Modeling a Software for Library and Information Centers

Modeling a Software for Library and Information Centers

Adeyinka Habdulhakeem Oshilalu (Augustine University, Ilara-Epe, Nigeria) and Emiri T. Ogochukwu (Delta State University, Abraka, Nigeria)
Copyright: © 2017 |Pages: 10
DOI: 10.4018/IJLIS.2017070101
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This study took a giant step in determining the various expectations from the generalities of software adopted and used by libraries and information centers. The paper accords librarians with first-hand information to assess all forms of software before eventual adoption for use. The various types of library software adopted for use by Nigerian Libraries were highlighted. Also, the need to conduct Software Feasibility Study was highlighted. The study argued that software adoption and use could make or mar the operations of any library if necessary machineries are not considered at the point of adoption and or use of the software. The study also presented a model used in describing how library software are expected to operate. The work concluded that software adoption and use are essential in modern day's libraries and it also caution libraries to be weary of software adoption as this is capable of causing more harms than good if appropriate measures are not put into consideration.
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The computer is as good as the quality of the instruction given unto the computer. For the computer to work as expected, the need for appropriate software is very germane. Software tells the computer what to do and what not to do; it comprises of the entire programs, procedures and routines associated with using the computer system. Software is meant to enhance productivity and if such is not attainable, it becomes a problem rather than a problem solver. It becomes a problem when something that was adopted to be a problem solver becomes a problem to be solved. Software is a general term used for the various kinds of programs used to operate computers and related devices. The adoption of the right software by libraries has the tendency of reducing the expenses of the library and it’s invariably reinforces the library’s primary mission of information handling. The best software to be adopted and used by libraries should be the one the library community is most familiar with and is most prepared to adopt, adapt and use.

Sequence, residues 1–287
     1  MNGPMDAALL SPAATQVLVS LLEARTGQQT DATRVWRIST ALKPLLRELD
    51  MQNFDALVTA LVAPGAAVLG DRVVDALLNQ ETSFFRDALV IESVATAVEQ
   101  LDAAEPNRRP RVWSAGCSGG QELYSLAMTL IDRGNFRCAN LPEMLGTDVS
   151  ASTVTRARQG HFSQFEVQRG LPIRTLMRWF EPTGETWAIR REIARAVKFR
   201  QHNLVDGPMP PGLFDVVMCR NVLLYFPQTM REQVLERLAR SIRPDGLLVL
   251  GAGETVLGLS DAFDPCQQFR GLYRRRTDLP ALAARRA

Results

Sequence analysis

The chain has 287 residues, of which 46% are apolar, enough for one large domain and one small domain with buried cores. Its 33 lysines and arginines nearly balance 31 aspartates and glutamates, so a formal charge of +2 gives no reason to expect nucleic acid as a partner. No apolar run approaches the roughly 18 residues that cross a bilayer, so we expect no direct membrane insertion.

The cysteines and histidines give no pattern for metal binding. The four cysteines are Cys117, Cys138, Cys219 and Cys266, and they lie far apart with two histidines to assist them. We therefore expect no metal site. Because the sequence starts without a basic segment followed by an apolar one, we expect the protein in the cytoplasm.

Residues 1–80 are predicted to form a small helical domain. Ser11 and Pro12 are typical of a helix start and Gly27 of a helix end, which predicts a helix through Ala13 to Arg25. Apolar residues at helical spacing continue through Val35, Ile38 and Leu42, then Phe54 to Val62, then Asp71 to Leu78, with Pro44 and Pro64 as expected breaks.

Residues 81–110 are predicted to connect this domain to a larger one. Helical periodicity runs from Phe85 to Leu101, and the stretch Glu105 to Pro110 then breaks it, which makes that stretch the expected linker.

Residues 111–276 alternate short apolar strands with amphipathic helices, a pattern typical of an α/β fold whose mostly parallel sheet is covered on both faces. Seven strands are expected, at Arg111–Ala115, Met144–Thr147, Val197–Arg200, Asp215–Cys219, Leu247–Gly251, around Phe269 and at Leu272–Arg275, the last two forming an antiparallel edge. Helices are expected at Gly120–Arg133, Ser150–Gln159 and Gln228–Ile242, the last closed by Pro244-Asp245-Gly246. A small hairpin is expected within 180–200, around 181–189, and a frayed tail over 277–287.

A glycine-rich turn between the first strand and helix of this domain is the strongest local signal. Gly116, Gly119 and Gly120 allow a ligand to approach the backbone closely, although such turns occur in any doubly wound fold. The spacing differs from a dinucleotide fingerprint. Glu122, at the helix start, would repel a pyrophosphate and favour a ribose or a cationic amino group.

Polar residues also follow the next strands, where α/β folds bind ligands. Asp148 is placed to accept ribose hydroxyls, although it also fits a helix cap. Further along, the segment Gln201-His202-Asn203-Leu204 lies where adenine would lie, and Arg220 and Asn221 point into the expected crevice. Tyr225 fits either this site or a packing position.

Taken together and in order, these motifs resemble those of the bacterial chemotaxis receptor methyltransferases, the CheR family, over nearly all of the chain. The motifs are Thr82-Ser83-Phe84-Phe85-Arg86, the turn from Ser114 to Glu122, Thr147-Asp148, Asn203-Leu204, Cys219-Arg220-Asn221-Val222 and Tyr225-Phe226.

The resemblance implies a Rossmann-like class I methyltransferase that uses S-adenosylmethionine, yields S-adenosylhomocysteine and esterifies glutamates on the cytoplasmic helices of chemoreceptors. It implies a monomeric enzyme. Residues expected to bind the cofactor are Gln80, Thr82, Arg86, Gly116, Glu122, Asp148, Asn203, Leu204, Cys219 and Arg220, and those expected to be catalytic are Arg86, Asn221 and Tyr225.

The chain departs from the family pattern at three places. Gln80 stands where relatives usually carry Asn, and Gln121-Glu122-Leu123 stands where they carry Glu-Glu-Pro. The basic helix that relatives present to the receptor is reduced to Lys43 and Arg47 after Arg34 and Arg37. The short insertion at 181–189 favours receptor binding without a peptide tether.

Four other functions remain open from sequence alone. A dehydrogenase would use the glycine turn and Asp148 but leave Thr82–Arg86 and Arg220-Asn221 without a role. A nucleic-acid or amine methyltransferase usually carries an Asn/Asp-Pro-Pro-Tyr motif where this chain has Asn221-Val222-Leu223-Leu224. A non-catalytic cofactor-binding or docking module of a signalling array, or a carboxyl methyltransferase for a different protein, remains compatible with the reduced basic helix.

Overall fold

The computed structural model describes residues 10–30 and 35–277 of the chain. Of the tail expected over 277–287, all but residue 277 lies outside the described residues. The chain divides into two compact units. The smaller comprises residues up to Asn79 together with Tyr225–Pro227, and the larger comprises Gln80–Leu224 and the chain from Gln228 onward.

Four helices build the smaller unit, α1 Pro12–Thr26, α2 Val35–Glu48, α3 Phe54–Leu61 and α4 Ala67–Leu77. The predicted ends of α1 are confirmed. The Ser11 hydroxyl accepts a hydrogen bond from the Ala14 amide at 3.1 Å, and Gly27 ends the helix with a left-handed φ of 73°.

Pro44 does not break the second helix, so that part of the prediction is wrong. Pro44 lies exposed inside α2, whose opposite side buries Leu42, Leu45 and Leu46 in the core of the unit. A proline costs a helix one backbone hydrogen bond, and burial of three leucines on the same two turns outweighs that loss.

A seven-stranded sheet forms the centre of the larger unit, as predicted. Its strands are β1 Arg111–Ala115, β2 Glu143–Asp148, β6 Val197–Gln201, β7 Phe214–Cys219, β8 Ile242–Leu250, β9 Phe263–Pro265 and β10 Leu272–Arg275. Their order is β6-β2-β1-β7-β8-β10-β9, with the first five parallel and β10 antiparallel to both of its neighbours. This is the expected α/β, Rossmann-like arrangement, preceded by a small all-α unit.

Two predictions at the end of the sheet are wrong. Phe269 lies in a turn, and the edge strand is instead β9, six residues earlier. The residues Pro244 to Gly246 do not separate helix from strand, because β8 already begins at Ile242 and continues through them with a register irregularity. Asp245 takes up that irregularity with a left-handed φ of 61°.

Pressman (2004) opined that when software succeeds, it can and does change things for the better and when it fails bad things can and do happen. Obviously, software is an engine that drives the operations of modern activities and it serves as the basis for modern scientific investigation and research outlook. The adoption and use of software also serves as the main distinguishing factor between the modern-day’s libraries and the conventional libraries. The adoption and use of software is visible in virtually in all aspect of modern day library; collection development, collection processing, collection management, collection sharing and host of every bit of activities in libraries in this age has adopted the use of one software or the other to make the operation more effective, functional and attractive as the case may be. Pressman (2004) postulated that software is virtually inescapable in a modern world and he predicted that it will become the driver of new advances in everything from elementary education to generic engineering in the twenty-first century.

Much like other fields, the library and information centers has adopted the use of series of software in catching-up with time and to remain relevant in the technology driven world. The mode of operation in the information profession is changing and it is obviously changing for the good. Users of modern libraries now have quick and faster access to needed resources compared to previous age when library users have to be physically present within the walls of the library before any interaction between them and the library could be activated. The undisputable fact that the adoption and use of software has brought about a paradigm shift in the profession is really undisputable. Juxtaposing this, Muller (2011) posited that the advent of Free and Open Source Software (FOSS) has really upgraded the quality of services of libraries all over the world.

Library software serves much like a door that see both the inside and the outside uninterruptedly; software adopted for use in library operations service the interest of both the library administrator(s) and the users. It could be referred to as a product (input) that drives the wheels of delivering another product (output). As a product at the input level, the library adopts it use to simplify the various stages required to satisfy the needs of their esteemed users and at the output stage is the point at which the software is put to use by the users. At the input stage, software receives instructions to process and manage information from the library and disseminate processed information to users in form of end-product (output).

As a vehicle used in delivering information product, library software enables libraries to meet-up with the trend in time when users are technology savvy and are expecting nothing less from the library as such. With software use in libraries, the delivery of the most imperative product of all time – information – has been enhanced. Muller (2011) stated that the spirit of FOSS development is very similar to the principles of librarianship. He posited that libraries encourage intellectual freedom and free access to library resources while FOSS encourages respect for intellectual property and the free distribution of its source code and documents.

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